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The American Cricket Federation (ACF) continued to make strides with its membership outreach effort a week after it signed up the Commonwealth Cricket League of New York.
Three new hard ball leagues joined this week from three different parts of the United States. First to join this week was the Midwest Cricket Tournament, a league comprising thirty teams spread across Cleveland, Columbus, Akron, Dayton, Cincinnati, Indianapolis, Louisville, Lexington, Frankfort and Nashville.
The 19-team Pittsburgh Cricket Association joined on Tuesday.
On Friday, ACF announced the joining of Mid-Atlantic Cricket Conference which has sixteen teams based in the Tidewater, Roanoke, Blacksburg, Richmond and Charlottesville.
While this week's ACF recruits are not departures from the USACA camp, at least two leagues that are in the pipeline for next week are former USACA leagues.
According to DreamCricket.com sources, USACA member leagues are having a difficult time convincing their clubs to pay the increased USACA dues for 2014. USACA hiked its per-team fee from $100 to $200. As such, the USACA move is a well-intentioned one that is designed to improve financial health of the regions. However, leagues are struggling to convince their member clubs that the additional tax will result in tangible benefits for their members. The job of persuading the club members has been especially challenging for leagues that had paid their dues in 2010, only to get disqualified by USACA.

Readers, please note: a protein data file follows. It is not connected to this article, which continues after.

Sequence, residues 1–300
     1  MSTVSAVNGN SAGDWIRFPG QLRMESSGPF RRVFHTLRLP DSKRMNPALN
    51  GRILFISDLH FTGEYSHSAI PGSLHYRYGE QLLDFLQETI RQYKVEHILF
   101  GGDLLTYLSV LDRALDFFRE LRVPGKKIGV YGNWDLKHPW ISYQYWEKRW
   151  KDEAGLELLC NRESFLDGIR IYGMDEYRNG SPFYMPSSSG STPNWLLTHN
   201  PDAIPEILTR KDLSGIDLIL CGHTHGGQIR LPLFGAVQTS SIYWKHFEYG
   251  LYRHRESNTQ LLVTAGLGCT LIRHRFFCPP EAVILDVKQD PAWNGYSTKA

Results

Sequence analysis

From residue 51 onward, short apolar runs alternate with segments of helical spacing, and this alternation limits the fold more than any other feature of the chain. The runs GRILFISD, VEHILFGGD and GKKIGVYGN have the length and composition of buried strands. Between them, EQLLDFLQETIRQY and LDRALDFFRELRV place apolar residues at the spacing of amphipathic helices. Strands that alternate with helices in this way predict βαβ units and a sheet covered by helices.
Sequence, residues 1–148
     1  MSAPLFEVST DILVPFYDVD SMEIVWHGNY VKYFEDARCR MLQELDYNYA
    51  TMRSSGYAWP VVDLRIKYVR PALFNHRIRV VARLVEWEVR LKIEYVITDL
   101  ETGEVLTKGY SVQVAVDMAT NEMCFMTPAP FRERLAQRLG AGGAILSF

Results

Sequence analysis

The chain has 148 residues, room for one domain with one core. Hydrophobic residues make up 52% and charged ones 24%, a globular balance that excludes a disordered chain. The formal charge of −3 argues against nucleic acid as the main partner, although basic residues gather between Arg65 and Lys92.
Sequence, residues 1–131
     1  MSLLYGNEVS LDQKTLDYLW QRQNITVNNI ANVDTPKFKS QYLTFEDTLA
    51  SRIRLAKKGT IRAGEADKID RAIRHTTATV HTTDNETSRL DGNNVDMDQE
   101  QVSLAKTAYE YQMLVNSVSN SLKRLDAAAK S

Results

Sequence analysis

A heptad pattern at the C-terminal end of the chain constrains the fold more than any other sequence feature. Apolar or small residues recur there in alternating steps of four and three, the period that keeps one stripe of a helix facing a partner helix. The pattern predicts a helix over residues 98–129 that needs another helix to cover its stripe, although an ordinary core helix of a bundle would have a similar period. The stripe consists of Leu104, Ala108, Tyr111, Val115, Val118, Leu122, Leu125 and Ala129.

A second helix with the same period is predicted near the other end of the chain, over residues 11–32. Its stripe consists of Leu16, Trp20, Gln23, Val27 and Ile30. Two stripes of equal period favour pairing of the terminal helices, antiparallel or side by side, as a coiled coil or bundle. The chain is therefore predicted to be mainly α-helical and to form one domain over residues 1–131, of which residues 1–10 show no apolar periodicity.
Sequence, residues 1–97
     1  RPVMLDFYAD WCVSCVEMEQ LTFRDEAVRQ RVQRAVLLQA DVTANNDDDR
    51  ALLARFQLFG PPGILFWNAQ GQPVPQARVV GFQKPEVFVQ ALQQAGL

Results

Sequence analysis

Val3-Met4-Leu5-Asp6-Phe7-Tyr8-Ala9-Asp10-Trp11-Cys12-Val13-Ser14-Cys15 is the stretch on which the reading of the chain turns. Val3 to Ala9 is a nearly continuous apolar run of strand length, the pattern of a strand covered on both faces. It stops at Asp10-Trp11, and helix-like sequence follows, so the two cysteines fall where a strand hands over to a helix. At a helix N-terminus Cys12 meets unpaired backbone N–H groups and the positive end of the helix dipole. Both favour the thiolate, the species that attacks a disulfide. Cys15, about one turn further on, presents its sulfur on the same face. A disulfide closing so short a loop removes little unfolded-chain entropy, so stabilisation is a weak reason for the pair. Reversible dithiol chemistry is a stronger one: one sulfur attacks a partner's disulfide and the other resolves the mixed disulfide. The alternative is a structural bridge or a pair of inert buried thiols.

Under the new fee structure, a league with 40 clubs must now pay USACA $12,000 in membership dues and insurance fees. $8,000 of that is the cost of USACA membership compared to $4,000 in 2013. In comparison, membership cost for ACF is just $500 per league. From a club's standpoint, the fees paid to a national body are in addition to ongoing costs such as ground usage fees, umpiring, ongoing maintenance, equipment and other costs that are all rising. USACA's less than stellar record has not helped matters.
Momentum is clearly on ACF's side at the moment. The organization already is thought to have more hardball league members and more members overall than USACA, a fact that ICC will find difficult to ignore as it considers ACF's petition to be bestowed the status of the national governing body.